Casper R. Taylor, Jr.

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Casper R. Taylor, Jr.
105th Speaker of the Maryland House of Delegates
In office
January 8, 1994 – January 8, 2003
Preceded by Clayton Mitchell
Succeeded by Michael E. Busch
Delegate Maryland District 1C
In office
January 8, 1975 – January 8, 2003
Succeeded by LeRoy E. Myers, Jr.
Personal details
Born (1934-12-19) December 19, 1934 (age 86)
Frostburg, Maryland
Political party Democratic
Profession Lobbyist
Religion Catholic

Casper R. Taylor, Jr. (born December 19, 1934), served as Speaker of the Maryland House of Delegates from 1994–2003, the longest recorded Speaker's tenure in Maryland history.

Education

Taylor graduated from the University of Notre Dame in 1956, where he was a member of the Air Force ROTC. He started out his career as a restaurant owner, and was first elected to the House of Delegates in 1974.

Career

Taylor is credited with helping to bring millions of dollars of state and private investments to the aid of his struggling district in Cumberland, including the state-backed Rocky Gap Lodge and Golf Resort.[1] In the State House, Taylor authored many pieces of legislation over the course of his tenure, including the "One Maryland" bill, aimed at providing tax havens and other incentives for businesses to invest in depressed parts of the state.[2]

Taylor served until 2003 after losing his seat in the 2002 election. His loss is generally attributed to redrawn legislative district lines that added four heavily Republican precincts in Washington County to his traditionally Democratic district based around Cumberland, Maryland, and his support for some gun control laws, which were unpopular in the rural parts of his district.[3]

He has received numerous awards, including the Legislator Recognition Award from the Maryland Association of Counties in 1994 and 2001. He was awarded an Honorary Doctor of Humane Letters from the College of Notre Dame in 2001, Frostburg State University in 2000, and Villa Julie College in 1995. He received the First Citizen Award from the Maryland Senate in 2003 and the Thomas Kennedy Award from the Maryland House of Delegates in 2004.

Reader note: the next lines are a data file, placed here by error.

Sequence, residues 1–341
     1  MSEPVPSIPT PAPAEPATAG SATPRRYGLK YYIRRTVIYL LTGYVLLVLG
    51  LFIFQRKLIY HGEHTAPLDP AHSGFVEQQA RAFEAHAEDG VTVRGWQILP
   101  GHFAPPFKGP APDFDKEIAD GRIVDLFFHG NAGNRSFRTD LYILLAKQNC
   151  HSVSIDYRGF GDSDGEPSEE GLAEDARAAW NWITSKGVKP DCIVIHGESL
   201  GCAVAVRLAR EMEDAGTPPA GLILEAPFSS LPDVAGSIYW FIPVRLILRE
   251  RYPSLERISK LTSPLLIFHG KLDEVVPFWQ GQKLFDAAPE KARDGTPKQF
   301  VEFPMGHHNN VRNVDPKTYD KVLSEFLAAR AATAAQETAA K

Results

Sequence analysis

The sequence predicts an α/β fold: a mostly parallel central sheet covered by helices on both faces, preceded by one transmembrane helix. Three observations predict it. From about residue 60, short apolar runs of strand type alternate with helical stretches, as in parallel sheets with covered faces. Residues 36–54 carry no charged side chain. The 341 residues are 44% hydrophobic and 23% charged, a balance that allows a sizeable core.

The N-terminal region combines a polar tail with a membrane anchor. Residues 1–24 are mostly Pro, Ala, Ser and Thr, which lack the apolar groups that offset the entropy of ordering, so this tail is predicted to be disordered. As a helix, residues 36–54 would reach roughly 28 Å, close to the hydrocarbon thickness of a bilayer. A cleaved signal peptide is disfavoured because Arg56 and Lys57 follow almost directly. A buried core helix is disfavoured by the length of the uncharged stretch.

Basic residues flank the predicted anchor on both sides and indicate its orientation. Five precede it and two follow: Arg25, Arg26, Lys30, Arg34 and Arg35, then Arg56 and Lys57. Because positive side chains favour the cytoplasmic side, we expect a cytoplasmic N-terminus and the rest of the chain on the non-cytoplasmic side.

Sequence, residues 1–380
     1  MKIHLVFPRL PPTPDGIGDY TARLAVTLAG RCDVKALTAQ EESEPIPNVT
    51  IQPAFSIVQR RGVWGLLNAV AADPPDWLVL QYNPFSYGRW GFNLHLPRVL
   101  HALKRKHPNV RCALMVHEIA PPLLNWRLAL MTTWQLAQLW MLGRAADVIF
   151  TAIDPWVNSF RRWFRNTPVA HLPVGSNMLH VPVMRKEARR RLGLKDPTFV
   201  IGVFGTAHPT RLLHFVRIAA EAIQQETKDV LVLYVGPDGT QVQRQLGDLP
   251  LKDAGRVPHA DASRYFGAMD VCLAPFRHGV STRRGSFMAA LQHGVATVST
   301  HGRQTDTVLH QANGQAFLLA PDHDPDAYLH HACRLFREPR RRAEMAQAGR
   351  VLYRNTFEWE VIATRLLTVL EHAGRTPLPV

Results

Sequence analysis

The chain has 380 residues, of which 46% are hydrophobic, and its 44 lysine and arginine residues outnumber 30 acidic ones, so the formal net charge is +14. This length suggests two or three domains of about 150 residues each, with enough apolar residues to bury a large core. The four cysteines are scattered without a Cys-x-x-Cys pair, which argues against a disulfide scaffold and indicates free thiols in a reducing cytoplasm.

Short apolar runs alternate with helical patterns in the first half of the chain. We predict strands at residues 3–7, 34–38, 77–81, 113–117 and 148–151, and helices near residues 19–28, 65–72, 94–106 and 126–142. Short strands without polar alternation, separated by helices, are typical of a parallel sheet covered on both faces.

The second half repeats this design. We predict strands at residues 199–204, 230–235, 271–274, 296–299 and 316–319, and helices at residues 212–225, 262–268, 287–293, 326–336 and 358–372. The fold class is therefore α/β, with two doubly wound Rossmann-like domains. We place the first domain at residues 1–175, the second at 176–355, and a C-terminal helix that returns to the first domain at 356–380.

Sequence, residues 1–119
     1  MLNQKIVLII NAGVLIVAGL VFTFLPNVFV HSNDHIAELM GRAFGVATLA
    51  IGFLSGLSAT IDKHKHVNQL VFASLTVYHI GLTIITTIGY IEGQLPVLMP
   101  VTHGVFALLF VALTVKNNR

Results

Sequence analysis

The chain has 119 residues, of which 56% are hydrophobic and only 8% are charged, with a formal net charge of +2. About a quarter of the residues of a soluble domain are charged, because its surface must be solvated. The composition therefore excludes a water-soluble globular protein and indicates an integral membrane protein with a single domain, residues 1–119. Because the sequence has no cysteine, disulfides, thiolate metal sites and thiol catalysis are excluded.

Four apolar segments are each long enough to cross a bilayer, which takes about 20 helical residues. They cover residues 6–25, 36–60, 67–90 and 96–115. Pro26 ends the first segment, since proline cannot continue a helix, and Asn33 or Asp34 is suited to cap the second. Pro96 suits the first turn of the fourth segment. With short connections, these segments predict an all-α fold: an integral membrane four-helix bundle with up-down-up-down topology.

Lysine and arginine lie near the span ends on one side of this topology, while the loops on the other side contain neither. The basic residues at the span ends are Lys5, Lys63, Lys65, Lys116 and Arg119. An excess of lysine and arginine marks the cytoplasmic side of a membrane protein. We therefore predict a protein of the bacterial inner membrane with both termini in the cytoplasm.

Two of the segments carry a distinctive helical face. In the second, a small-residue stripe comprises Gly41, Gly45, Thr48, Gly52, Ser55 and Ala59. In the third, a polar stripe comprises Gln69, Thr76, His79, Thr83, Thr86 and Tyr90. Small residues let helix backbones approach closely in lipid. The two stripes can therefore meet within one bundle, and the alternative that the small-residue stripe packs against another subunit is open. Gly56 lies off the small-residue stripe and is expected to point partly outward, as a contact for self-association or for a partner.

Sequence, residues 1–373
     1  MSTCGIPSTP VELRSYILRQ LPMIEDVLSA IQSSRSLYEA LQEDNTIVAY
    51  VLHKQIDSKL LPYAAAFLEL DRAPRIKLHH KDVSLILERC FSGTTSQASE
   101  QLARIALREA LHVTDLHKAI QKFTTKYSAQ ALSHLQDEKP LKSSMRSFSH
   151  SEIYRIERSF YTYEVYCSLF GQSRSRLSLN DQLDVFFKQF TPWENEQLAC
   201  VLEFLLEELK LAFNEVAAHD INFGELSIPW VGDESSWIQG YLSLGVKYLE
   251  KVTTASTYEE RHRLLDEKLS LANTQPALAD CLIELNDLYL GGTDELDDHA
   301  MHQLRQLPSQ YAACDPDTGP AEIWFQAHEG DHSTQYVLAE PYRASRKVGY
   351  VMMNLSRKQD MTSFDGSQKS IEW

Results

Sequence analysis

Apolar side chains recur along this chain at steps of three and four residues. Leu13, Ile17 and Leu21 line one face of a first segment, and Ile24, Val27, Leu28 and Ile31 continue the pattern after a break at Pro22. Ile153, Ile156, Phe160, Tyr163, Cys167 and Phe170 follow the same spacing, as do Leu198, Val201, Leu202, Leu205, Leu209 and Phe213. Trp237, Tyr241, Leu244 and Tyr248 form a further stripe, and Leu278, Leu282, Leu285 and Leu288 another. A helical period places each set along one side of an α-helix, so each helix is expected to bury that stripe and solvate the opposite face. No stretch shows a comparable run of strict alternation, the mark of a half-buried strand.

In January 2007, the new House of Delegates office building in Annapolis was named after Taylor.[4] He is now a lobbyist and government relations consultant for the Alexander and Cleaver firm in Annapolis, MD.[5]

Election results

  • 2002 Race for Maryland House of Delegates – District 01C[6]
Voters to choose one:
Name Votes Percent Outcome
LeRoy E. Myers, Jr., Rep. 5,657   50.3%    Won
Casper R. Taylor, Dem. 5,581   49.6%    Lost
  • 1998 Race for Maryland House of Delegates – District 01C[7]
Voters to choose one:
Name Votes Percent Outcome
Casper R. Taylor, Jr., Dem. 6,205   70%    Won
Eileen Brinker Steele, Rep. 2,648   30%    Lost
  • 1994 Race for Maryland House of Delegates – District 01C[8]
Voters to choose one:
Name Votes Percent Outcome
Casper R. Taylor, Jr., Dem. 5,928   100%    Won
  • 1990 Race for Maryland House of Delegates – District 2A[9]
Voters to choose one:
Name Votes Percent Outcome
Casper R. Taylor, Jr., Dem. 4,116   65%    Won
Robert L. Lewis, Rep. 2,194   35%    Lost
  • 1986 Race for Maryland House of Delegates – District 2A[10]
Voters to choose one:
Name Votes Percent Outcome
Casper R. Taylor, Jr., Dem. 3,533   59%    Won
James M. Roby, Rep. 2,431   41%    Lost

Citations

  1. A Taylor-Made Crusade; Legislator Is a Redevelopment Engine for Western Md. - The Washington Post - HighBeam Research
  2. For State House Speaker, a Change of Focus; Taylor's `One Maryland' Vision Shuns Partisanship to Seek More Common Ground - The Washington Post - HighBeam Research
  3. Taylor Appears Beaten; Neall, Baker Lose Seats - The Washington Post - HighBeam Research
  4. Cumberland Times-News - Building named for Cas
  5. Casper R. Taylor, Jr.
  6. "House of Delegates Results". Maryland State Board of Elections.<templatestyles src="Module:Citation/CS1/styles.css"></templatestyles> Retrieved on Sept, 01 2007
  7. "House of Delegates Results". Maryland State Board of Elections.<templatestyles src="Module:Citation/CS1/styles.css"></templatestyles> Retrieved on Nov. 3, 2007
  8. "House of Delegates Results". Maryland State Board of Elections.<templatestyles src="Module:Citation/CS1/styles.css"></templatestyles> Retrieved on Nov. 3, 2007
  9. "House of Delegates Results". Maryland State Board of Elections.<templatestyles src="Module:Citation/CS1/styles.css"></templatestyles> Retrieved on Nov. 3, 2007
  10. "House of Delegates Results". Maryland State Board of Elections.<templatestyles src="Module:Citation/CS1/styles.css"></templatestyles> Retrieved on Nov. 3, 2007

References

Preceded by
R. Clayton Mitchell, Jr.
Speaker of the Maryland House of Delegates
1994-2003
Succeeded by
Michael E. Busch